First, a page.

Technology that Can Save You in a Cycling Emergency

 

Not many people know how to prepare themselves in case they encounter a cycling emergency. This blog post has some useful tips and advice to assist you on what to carry and what to do in case you find yourself in a cycling emergency.

Handy Cycling Tools

Live Tracking Apps – These handy little apps capture your location, so people know where you are. Map My Tracks is an effective app that tracks cycling, sailing, running, canoeing, walking and much more! Best of all, it’s free to download.

ID Bands, Interactive ID Bands and Interactive Stickers – A standard ID Band is worn on your wrist and engraved with basic information like your name, drug allergies, and an emergency contact to help assist/identify you if you cannot speak for yourself.

Interactive ID Bands and Stickers go a step further. A unique code allows the first responder to access a detailed profile by web, text, or voice call. Interactive IDs usually require a membership/RoadID that has deep roots in cycling.

In addition, some helmets like the POC Octal and Bell Super 2R include ICEdot stickers and a limited premium membership. While most useful in more populated areas, obviously these IDs cannot dial out a call for help in sparse rural areas.

ICEdot Crash Sensor – This is a small, round shock sensor that is attached to a helmet and paired with a smartphone via Bluetooth. If a large-enough shock is detected by the sensor, the smartphone will set off an alarm. If the user does not clear the alarm in a set amount of time, an alert with the location is sent out to pre-assigned contacts.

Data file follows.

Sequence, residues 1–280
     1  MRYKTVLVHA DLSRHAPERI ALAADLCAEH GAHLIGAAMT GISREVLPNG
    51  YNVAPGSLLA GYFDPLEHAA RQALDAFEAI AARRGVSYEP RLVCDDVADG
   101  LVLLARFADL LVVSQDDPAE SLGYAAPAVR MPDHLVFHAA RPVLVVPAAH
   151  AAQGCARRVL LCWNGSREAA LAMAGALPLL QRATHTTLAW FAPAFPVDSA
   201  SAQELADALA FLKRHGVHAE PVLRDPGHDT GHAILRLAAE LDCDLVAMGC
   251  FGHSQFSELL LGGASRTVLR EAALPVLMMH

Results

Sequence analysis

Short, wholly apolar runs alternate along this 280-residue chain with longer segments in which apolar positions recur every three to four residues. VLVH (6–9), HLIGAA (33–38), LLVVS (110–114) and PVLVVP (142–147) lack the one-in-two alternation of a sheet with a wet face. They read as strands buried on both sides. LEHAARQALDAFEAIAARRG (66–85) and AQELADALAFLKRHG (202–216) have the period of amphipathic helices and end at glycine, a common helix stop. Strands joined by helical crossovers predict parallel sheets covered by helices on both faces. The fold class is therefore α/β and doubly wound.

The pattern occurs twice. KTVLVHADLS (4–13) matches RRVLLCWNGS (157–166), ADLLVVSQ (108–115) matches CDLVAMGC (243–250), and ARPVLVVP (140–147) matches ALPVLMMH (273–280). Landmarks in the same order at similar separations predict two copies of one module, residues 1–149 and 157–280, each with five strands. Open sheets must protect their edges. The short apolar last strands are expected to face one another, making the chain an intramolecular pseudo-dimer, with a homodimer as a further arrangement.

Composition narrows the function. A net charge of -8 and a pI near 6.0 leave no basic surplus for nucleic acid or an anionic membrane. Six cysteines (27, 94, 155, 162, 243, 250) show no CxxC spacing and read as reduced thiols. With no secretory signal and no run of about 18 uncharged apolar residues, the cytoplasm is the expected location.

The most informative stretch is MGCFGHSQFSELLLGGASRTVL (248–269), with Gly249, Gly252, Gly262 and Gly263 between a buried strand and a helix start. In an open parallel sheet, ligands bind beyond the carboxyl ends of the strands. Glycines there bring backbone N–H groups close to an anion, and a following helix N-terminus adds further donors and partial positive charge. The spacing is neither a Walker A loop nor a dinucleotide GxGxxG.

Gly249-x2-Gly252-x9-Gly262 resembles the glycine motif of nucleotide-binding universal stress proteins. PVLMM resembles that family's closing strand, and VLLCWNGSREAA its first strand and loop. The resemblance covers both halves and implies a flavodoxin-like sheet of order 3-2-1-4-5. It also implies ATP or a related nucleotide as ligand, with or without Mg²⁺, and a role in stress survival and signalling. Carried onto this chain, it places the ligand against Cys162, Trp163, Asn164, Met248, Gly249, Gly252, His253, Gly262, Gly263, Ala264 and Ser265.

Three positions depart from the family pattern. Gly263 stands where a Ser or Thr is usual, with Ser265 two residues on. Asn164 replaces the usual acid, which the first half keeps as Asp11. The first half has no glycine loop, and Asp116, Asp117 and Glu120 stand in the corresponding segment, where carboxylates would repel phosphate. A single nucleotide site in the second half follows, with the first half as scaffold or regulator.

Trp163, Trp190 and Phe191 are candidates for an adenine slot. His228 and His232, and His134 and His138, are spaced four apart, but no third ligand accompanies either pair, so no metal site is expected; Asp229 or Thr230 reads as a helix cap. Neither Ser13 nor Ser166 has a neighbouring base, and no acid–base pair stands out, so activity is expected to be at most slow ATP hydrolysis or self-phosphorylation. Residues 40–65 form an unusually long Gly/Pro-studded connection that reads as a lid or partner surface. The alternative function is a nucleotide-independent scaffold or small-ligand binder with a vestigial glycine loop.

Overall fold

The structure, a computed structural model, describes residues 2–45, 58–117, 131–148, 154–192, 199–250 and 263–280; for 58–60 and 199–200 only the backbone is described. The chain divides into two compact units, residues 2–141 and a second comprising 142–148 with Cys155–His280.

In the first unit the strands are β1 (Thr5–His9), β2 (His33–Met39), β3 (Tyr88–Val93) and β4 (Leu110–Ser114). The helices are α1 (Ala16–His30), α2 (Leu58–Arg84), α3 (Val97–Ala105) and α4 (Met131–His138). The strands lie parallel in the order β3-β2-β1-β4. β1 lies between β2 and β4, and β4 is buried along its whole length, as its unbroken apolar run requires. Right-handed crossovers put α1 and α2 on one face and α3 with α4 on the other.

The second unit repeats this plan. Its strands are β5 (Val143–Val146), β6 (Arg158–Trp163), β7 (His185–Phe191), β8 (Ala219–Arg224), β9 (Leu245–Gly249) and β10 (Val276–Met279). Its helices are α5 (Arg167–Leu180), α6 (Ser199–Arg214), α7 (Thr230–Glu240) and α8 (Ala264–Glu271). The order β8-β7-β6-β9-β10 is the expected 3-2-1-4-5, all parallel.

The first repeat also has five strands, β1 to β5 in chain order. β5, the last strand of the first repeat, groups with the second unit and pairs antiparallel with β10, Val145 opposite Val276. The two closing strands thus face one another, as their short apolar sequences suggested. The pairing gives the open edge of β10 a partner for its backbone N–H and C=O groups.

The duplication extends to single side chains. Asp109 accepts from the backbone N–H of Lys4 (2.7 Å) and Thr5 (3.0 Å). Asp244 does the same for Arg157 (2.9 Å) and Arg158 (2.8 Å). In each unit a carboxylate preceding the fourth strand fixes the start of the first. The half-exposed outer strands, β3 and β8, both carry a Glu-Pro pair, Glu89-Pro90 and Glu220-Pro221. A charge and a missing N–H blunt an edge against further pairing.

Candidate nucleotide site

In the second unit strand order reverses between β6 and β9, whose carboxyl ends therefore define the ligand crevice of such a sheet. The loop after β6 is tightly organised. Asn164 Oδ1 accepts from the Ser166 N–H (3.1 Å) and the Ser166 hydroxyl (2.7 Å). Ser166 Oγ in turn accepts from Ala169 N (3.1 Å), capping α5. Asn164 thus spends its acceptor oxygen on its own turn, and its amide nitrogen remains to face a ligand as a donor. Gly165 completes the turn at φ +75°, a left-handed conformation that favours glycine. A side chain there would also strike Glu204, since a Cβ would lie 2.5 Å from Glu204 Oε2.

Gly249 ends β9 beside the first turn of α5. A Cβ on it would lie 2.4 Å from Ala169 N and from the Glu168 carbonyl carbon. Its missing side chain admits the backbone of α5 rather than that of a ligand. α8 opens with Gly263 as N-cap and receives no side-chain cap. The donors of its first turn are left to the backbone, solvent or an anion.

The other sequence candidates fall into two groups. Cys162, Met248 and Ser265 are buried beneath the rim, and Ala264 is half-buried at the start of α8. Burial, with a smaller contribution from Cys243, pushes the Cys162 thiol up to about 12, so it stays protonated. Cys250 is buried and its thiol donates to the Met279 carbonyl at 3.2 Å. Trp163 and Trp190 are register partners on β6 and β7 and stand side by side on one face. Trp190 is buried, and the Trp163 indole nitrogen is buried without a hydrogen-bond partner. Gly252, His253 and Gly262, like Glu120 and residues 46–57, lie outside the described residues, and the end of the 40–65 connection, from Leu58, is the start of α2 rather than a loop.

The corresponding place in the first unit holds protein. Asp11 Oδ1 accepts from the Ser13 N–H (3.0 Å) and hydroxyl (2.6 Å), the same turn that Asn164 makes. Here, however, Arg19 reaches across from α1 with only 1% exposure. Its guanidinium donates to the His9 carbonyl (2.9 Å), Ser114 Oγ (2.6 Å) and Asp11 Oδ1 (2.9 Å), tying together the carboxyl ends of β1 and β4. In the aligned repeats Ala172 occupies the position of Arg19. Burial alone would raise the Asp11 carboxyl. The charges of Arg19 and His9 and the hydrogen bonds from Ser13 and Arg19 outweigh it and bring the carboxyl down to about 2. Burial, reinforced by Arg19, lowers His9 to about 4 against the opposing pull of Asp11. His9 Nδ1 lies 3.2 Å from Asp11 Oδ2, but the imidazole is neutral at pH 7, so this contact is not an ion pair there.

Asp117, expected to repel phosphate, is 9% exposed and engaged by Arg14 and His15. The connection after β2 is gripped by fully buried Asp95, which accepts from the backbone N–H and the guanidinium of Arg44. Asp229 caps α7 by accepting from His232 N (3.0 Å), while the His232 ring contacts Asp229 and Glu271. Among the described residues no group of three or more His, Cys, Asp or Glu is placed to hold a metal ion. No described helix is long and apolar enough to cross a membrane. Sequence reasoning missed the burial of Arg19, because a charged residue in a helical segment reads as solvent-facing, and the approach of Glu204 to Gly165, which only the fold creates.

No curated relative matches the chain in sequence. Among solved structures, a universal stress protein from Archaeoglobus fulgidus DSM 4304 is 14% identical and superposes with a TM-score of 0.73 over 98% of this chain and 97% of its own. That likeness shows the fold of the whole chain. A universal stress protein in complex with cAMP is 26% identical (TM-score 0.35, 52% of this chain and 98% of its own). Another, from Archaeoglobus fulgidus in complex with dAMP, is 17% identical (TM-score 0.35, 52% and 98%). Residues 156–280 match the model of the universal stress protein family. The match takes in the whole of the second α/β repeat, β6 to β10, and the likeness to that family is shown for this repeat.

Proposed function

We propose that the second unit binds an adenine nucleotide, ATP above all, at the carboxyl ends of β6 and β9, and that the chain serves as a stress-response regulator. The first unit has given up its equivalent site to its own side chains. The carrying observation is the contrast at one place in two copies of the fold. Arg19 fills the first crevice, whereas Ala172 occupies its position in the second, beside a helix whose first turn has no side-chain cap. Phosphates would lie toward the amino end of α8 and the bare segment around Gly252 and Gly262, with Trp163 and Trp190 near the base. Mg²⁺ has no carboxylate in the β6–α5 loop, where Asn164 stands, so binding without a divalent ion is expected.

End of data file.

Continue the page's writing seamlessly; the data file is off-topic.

***Note: In order to work, ICEdot requires a charged crash sensor, a charged mobile phone, a successful pairing between phone and sensor, and a cell signal.***

Personal Locator Beacons – Personal Locator Beacons (PLB) and satellite messengers (often called SEND – Satellite Emergency Notification Device) connect to satellite networks and can be used to send out an SOS with location. Most PLBs, when activated, send an SOS with the location, which is relayed to the closest search-and-rescue organisation.

PLBs communicate with a multi-national military satellite network to transmit the emergency signal, so they have nearly global coverage. It's important to remember that they only send an SOS and a location. They are not two-way communicators, they do not track movements before activation, and do not automatically activate if the user is unconscious and alone.

Satellite Messengers – Satellite Messengers connect to commercial satellite networks. In addition to SOS alerts, Satellite Messengers provide non-emergency communication (two-way in some cases) and live tracking. Like a PLB, satellite messengers work worldwide (though coverage is not as complete as a PLB) and where cell phones do not. An up-to-date subscription is required, or they do not function.

Emergency Derailleur Hanger

Emergency Derailleur Hanger – Carrying one of these bad boys will help you on your way back home if your original derailleur hanger snaps. This universal mech hanger is handy, as it fits any bike, but it is only a temporary fix. You do not need any bolts to fit this onto your bike, which makes it extra convenient if you stumble and come across a broken mech hanger.

You can shop emergency derailleur hangers on the BETD website:
https://www.mountainbikecomponents.co.uk/emergency-derailleur-hanger 

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